I blame everyone who is panicking over Pennsic for my panic attack this morning.
I have nothing that isn't under control, but I keep getting madly anxious every time I read my f'list, dammit. So you all need to stop panicking - Pennsic will happen, and you will all be fine.
Mind you, I have tons of outfits. *smirky smirk* You may smack me now.
I do have to sew 16 pairs of garters up - the painting and ironing is done, and -blech - I need to do the machine stuff. I'm also halfway (or so) through trimming one of Bob's doublets - I'll be taking pictures of the finished product and posting it in the "Dozen Doublets" article as a real-life example of what you can do with basic ribbon. I will also be finding out how many yards of ribbon this design will take. I'm up to ten so far, but I haven't even started on the peplum tabs.
That's the thing about most Elizabethan (and late period in general) outfits - it's not the basic construction that takes forever (no, not even with hand sewing), it's the finish details that seem to take forever. It's also the part you can't skimp on; this is why Gardiner's company sticks to the middle classes when it comes to persona - while the outfits are still decorated (more so than most people think), they're just not set up to the outrageous level of the really aristocratic clothing. The reasons for this are the well-known one - it's better to do a middle class outfit well than an upper class one poorly, and my personal one - most people's attempts at really upper-class clothing suck. To be brutally honest, I've seen less than 10 really high-end reproduction outfits that were brilliantly pulled off in all the time I've been in the SCA.
No, I'm not naming names. Someone will get hurt. Pretend it's yours, and be happy.
I've seen some (lots of!) amazing middle and upper-middle stuff, but very little at the really top-end level.
(We're not even talking movies, though they're no better.)
To look truly rich, an upper-end Elizabethan outfit not only has to be made of the real things, but it has to have the dense level of decoration so emblematic of that age. A bunch of base metal and glass stones doesn't make an outfit look rich, it makes an outfit look cheap and shiny. Lace everywhere doesn't work if you don't get the right stuff. Plastic pearls are...plastic-looking (and I say this as someone who has happily used them myself). Many glass pearls aren't much better (though fake pearls are period - you just have to pick the good ones). Fake gold thread and lace and trim looks fake - gold looks completely different from that cheap filigree stuff people use on costumes.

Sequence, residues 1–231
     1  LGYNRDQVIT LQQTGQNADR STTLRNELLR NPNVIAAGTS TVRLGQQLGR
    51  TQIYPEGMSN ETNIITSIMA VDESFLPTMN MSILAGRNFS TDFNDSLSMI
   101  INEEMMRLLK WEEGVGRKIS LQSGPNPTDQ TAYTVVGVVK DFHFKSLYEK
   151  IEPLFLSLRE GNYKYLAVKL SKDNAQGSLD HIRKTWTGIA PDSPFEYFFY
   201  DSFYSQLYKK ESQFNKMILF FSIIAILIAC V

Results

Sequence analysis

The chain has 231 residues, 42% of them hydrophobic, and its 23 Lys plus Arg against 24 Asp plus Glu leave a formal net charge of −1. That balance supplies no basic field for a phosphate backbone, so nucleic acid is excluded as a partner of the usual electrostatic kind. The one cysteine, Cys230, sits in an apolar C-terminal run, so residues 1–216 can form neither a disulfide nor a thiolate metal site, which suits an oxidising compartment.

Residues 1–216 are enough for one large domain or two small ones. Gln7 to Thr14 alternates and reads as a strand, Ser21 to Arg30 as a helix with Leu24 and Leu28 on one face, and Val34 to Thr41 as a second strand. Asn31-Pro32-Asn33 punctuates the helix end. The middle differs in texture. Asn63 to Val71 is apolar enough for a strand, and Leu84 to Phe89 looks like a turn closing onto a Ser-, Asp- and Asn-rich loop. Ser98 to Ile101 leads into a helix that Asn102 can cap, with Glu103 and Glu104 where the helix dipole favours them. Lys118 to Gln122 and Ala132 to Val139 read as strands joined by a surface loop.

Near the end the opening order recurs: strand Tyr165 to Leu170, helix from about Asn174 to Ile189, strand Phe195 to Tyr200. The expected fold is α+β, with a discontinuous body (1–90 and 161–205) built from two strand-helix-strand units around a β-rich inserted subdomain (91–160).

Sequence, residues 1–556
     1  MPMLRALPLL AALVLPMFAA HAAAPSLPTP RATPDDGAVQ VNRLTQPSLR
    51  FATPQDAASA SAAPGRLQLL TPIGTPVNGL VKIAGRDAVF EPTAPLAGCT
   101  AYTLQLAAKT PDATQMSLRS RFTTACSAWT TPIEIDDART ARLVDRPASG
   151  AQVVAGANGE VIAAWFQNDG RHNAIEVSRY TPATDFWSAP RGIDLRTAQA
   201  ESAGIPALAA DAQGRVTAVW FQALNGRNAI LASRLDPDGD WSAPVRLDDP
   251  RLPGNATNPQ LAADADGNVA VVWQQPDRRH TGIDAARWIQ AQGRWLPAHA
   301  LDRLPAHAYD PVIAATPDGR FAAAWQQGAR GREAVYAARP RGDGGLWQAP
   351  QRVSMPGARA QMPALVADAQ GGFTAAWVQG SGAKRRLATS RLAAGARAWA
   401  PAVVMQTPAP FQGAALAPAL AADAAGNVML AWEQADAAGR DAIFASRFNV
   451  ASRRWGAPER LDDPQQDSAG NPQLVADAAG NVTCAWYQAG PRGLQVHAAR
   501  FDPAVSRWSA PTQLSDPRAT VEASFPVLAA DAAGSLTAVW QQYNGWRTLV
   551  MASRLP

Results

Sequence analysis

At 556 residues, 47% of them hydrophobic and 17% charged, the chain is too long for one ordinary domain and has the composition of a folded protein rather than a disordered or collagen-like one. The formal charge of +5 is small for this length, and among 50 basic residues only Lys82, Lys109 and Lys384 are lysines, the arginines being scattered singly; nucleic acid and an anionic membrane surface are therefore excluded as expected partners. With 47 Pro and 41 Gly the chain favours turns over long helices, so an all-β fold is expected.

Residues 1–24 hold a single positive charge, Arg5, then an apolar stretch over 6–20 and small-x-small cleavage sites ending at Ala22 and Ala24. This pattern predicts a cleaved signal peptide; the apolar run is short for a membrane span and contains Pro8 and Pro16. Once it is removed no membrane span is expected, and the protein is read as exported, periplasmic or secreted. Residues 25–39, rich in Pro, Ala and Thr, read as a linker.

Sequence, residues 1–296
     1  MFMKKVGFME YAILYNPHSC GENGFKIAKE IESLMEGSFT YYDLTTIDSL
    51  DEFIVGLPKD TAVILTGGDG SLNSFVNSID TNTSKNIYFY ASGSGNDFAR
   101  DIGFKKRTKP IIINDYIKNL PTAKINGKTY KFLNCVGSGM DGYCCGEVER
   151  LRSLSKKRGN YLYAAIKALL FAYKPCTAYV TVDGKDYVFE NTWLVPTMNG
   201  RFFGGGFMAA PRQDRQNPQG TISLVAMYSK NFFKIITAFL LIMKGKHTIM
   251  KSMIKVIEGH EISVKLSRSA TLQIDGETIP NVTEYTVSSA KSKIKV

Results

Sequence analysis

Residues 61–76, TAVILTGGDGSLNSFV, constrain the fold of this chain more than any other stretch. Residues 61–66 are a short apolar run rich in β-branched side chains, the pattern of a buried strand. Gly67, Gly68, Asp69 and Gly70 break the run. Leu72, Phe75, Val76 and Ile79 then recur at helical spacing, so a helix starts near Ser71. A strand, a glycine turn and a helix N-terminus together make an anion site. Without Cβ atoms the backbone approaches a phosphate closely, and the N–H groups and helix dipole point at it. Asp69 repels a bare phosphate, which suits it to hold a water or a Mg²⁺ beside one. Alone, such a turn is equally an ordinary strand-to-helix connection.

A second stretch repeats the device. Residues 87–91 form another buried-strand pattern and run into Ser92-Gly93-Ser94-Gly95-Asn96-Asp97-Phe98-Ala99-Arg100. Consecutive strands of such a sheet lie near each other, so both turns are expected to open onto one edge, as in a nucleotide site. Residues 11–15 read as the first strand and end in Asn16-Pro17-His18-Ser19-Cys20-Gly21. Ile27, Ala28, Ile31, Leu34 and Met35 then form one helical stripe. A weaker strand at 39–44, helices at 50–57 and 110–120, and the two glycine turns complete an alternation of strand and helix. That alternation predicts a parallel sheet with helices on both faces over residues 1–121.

Fit matters just as much - how many pictures of costumes have you looked at that made you uncomfortable just looking at them? Yes, the 16th century outfits were fitted, structured, and framed within an inch of their lives, but they fit - the bodice was neither too low nor too high, the shoulders stayed on, the skirts moved properly, the bodies didn't shift funny, and there was no gappage. The biggest problem with most costumes is that something sits badly, so the whole thing looks like it was made for someone else. And let's not even start on undergarments and the proper making and fitting thereof, except to say that the shinier and more outrageous the costume, the less the likelihood of the undergarments being correct. Renfaire sofa dress, ahoy.
Wrinkles are different - a two-dimensional thing (fabric) on the three-dimensional thing (a body) will wrinkle as the 3-D thing moves about. Anyone who wants to argue with me on this one needs to study the 1541 portrait of Christopher Fugger by Christopher Amberger,the portrait of Ludovico Capponi (Bronzino 1551), and my personal favourite, a miniature of William Hawtree (from the 1570s) at length. Wrinkles happen, even on a perfectly fitted outfit. The stylized nature of English portraiture doesn't give us the real story, so we have to look at contemporary Dutch and Italian artists to see what the aristocracy really looked like in their clothes - a wrinkle here, an open collar there, a delicate droop - these are all things that happen. A dress with shoulders that sit three inches higher than your body is just silly.
All of this doesn't even touch on the general public's idea of what aristocratic Elizabethan clothing entails.
It is so hard to make a really kickin' aristocratic outfit - hard enough that I have never tried. The closest I've ever come is the applique doublet (scroll down to the bottom of the page) that I made for Bob - and even that one isn't that high-end. Truth is, I don't think I could do an aristo outfit justice - sure, I've made some pretty flashy SCA stuff (Havordh and Mary-Grace's coronation outfits, Bob and my green Elizabethans), but even those, though reasonably period in shape and execution, if not in materials, don't have the "oomph" of the real thing.
And I'm not sure I'd even want to try - I'd rather have a simple (but shiny - I loves me my silk) respectable Londoner's outfit than a fancy outfit that badly misses the mark. Maybe someday I'll take the time to really bead and embroider a true aristocratic Elizabethan gown, and cast the settings for the buttons and necklace links, construct the lace and embroider/couch motifs on the fabric, but not now. I'm still happy in my middle class splendour.
Though I'm still toying with taking apart the embroidered jacket and sewing spangles all over it - it needs to be taken in a little anyway. Or I could just make a new one.
Or both. Hey, the middle classes liked shiny things, too - and spangles are cheap.
(portrait links are to the amazing Tudor Portraits site.)